What Made Them Do Their Duty?

Victor David Hanson in City Journal: (Autumn 2001)

From the very first moments of the World Trade Center horror, the valor and élan of New York’s firemen, together with that of the city’s police and emergency forces, have transfixed the whole nation—especially us in rural America who rarely see the real Gotham. Danger was nothing to them, courage and honor everything. They responded instantly to the explosion and fire, all drawn to, rather than repelled by, the inferno—and without regard to their own safety or the consequences of their possible incineration upon their loved ones at home. We now know their last radio cries: “Move away from the towers! Everyone move away from the towers!” Silence. . . .

As the ghastly rubble gets turned over, we find their remains in clusters—four incinerated here, ten buried there, 14 caught en masse in a stairwell, where they had guided the panicked down as they themselves ascended to their deaths: “All nonessential personnel move away from that building!” The antithesis, left unsaid, is obvious: “All necessary rescuers get into that building!”

So many of them disappeared—at least 388 firefighters—because in a heartbeat they chose to race into the flames and smoke rather than to hesitate and accept the obvious: that the towers were already death traps. In the tradition of all great American armies in battle, officers—47 lieutenants, 20 captains, and 21 chiefs—died alongside the rank and file, heroic death requiring no prerequisite of class or color. Indeed, the magnitude of the terrorist-inflicted disaster rivaled that of a fierce battle, where the enemy overruns and annihilates an entire military unit—paramedics, a fire marshal, even the fire department’s chaplain were engulfed. Remarkably, moments after the buildings collapsed, there were even more rescue workers on the scene than before. It is human to flee from a place of death; the firemen and the police were almost inhuman in mounting so quickly the rubble that buried their brethren.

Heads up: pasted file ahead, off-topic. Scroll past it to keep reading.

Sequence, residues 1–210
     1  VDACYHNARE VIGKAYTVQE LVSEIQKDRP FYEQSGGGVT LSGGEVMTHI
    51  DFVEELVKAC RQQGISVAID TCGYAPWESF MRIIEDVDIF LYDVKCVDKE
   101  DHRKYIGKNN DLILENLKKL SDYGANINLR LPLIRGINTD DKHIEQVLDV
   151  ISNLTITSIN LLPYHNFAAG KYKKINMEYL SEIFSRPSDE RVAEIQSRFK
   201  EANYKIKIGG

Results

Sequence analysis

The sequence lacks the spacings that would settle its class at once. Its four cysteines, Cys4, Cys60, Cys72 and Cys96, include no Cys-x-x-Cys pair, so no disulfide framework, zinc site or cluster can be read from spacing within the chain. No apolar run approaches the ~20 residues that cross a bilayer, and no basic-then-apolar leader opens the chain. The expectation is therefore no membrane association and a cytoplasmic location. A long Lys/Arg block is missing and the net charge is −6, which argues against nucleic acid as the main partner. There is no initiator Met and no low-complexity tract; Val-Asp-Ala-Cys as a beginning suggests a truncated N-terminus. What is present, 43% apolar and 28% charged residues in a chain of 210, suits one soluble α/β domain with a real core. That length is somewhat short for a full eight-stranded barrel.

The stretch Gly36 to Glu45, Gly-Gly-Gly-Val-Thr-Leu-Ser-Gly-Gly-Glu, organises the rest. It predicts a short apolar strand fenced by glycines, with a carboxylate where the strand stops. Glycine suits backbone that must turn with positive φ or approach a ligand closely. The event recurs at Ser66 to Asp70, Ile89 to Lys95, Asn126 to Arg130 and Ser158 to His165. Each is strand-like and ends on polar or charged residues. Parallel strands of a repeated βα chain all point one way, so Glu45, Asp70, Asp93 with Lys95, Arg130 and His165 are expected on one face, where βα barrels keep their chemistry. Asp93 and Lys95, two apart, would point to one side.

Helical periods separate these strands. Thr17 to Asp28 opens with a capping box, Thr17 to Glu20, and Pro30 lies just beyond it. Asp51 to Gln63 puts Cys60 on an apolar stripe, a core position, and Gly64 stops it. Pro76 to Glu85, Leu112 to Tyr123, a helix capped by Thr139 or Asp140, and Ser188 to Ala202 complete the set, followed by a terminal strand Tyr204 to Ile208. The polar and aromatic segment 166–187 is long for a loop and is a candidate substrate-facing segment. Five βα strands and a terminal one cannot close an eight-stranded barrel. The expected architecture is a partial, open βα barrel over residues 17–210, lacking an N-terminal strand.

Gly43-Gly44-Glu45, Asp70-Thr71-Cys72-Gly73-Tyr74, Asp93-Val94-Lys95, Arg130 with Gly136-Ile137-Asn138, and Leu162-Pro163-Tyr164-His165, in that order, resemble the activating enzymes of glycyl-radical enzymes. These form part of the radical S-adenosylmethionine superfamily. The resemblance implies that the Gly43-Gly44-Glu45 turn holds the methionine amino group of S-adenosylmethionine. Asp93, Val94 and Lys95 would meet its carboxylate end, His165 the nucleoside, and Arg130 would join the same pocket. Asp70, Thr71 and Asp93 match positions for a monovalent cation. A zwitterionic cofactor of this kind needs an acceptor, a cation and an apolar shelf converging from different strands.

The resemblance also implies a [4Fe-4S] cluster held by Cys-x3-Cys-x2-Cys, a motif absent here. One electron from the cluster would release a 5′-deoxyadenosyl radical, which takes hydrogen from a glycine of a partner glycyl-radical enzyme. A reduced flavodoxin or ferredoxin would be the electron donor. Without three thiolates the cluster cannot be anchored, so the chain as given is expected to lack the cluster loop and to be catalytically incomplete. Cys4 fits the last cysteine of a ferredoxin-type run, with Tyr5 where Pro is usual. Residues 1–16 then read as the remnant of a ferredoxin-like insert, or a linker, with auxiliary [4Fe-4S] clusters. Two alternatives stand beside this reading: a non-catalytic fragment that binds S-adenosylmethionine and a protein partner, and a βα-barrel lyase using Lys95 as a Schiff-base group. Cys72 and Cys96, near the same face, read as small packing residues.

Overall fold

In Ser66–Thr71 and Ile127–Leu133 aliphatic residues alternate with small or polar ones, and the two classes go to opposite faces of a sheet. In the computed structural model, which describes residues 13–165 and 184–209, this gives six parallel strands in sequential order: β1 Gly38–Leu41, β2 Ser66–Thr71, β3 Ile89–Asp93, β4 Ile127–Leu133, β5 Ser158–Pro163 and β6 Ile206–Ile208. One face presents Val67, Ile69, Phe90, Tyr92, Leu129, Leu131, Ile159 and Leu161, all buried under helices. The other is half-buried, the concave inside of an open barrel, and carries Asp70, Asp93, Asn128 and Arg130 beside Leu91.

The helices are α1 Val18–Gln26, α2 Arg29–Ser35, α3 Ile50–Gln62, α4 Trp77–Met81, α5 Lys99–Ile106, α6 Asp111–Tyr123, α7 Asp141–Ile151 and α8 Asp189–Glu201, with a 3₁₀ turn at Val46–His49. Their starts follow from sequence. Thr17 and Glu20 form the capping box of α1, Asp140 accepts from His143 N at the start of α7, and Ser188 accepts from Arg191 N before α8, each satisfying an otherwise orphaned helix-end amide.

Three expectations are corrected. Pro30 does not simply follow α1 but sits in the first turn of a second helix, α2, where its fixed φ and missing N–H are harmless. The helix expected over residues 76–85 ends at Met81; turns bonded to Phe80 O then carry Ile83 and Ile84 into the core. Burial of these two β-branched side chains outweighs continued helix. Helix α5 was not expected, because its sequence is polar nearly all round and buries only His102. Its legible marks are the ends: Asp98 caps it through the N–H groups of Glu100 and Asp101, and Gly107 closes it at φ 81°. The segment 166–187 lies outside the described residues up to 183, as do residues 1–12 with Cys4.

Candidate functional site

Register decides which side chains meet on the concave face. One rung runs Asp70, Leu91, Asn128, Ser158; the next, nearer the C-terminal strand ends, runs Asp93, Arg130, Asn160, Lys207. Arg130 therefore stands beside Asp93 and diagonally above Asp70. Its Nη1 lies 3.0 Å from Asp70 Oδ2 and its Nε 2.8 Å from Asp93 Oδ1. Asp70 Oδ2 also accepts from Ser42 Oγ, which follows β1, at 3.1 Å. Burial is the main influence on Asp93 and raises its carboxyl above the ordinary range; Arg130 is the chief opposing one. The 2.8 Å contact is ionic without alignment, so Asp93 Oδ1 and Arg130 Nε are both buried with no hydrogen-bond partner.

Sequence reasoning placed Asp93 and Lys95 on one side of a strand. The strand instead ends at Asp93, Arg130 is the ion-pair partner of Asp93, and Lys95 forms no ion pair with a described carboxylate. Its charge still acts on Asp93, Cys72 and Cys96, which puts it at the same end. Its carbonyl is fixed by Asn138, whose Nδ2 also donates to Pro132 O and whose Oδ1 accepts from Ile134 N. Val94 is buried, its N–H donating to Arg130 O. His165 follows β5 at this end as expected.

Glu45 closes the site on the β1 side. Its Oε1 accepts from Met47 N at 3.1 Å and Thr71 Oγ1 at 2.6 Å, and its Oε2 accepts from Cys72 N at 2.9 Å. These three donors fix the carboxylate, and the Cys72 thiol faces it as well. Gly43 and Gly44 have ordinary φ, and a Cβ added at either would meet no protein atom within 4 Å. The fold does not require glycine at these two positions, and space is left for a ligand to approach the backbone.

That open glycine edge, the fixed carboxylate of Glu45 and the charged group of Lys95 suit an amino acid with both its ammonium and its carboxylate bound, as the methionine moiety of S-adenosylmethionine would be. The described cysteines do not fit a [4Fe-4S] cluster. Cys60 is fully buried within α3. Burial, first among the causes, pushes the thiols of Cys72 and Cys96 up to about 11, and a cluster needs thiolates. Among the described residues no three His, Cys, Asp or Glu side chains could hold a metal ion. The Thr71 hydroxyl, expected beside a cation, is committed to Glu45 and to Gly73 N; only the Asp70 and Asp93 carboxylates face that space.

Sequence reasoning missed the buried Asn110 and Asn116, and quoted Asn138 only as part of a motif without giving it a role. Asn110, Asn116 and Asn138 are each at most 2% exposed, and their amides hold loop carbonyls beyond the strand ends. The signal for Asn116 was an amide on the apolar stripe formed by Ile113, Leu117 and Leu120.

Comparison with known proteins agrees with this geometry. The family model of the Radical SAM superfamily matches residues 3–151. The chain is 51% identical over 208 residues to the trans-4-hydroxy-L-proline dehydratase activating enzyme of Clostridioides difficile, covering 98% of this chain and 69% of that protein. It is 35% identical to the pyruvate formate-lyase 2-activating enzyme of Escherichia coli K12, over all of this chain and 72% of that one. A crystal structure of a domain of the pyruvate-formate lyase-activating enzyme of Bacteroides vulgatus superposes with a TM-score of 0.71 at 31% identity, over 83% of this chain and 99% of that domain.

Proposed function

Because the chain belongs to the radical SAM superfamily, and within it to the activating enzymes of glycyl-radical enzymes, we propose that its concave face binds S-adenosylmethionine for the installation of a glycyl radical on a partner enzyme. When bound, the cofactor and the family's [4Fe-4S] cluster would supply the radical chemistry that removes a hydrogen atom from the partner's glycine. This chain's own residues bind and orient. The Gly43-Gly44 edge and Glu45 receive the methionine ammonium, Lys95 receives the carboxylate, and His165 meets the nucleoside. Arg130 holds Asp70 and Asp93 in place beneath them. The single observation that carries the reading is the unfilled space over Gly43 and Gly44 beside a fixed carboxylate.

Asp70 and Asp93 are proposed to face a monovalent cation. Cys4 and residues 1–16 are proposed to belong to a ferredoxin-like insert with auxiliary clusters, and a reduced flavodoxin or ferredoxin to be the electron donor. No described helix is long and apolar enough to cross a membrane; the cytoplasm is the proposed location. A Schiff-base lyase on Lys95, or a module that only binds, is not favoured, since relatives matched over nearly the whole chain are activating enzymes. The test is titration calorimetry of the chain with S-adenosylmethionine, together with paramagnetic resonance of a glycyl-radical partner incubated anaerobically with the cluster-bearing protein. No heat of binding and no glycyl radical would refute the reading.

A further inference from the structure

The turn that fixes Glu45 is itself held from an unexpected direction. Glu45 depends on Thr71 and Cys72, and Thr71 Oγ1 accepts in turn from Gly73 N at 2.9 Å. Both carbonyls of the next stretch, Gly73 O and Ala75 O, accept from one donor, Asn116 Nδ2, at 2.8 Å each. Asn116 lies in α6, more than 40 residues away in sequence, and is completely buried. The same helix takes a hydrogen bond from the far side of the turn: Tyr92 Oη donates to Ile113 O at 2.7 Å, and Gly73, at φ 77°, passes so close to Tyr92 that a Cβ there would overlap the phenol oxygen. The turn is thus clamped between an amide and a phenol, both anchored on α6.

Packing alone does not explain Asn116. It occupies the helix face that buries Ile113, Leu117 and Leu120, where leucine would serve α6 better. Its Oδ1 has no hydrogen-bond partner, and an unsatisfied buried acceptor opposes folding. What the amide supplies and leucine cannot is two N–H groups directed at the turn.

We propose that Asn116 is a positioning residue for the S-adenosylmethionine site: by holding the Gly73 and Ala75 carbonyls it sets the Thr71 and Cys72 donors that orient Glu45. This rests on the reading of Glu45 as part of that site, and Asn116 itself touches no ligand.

More here.